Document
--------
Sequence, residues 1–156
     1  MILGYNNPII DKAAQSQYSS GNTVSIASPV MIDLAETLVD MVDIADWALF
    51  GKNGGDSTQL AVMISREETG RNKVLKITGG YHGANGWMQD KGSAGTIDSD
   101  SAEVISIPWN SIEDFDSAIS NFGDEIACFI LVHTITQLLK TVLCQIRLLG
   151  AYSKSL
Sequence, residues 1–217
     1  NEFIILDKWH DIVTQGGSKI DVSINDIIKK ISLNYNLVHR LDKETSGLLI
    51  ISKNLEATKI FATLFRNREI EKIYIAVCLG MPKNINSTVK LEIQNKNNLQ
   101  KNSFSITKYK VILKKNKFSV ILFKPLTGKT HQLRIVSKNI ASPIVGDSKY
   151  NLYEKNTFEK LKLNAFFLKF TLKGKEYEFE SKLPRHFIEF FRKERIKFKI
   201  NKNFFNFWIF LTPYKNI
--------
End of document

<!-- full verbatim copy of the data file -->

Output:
Sequence, residues 1–156
     1  MILGYNNPII DKAAQSQYSS GNTVSIASPV MIDLAETLVD MVDIADWALF
    51  GKNGGDSTQL AVMISREETG RNKVLKITGG YHGANGWMQD KGSAGTIDSD
   101  SAEVISIPWN SIEDFDSAIS NFGDEIACFI LVHTITQLLK TVLCQIRLLG
   151  AYSKSL
Sequence, residues 1–217
     1  NEFIILDKWH DIVTQGGSKI DVSINDIIKK ISLNYNLVHR LDKETSGLLI
    51  ISKNLEATKI FATLFRNREI EKIYIAVCLG MPKNINSTVK LEIQNKNNLQ
   101  KNSFSITKYK VILKKNKFSV ILFKPLTGKT HQLRIVSKNI ASPIVGDSKY
   151  NLYEKNTFEK LKLNAFFLKF TLKGKEYEFE SKLPRHFIEF FRKERIKFKI
   201  NKNFFNFWIF LTPYKNI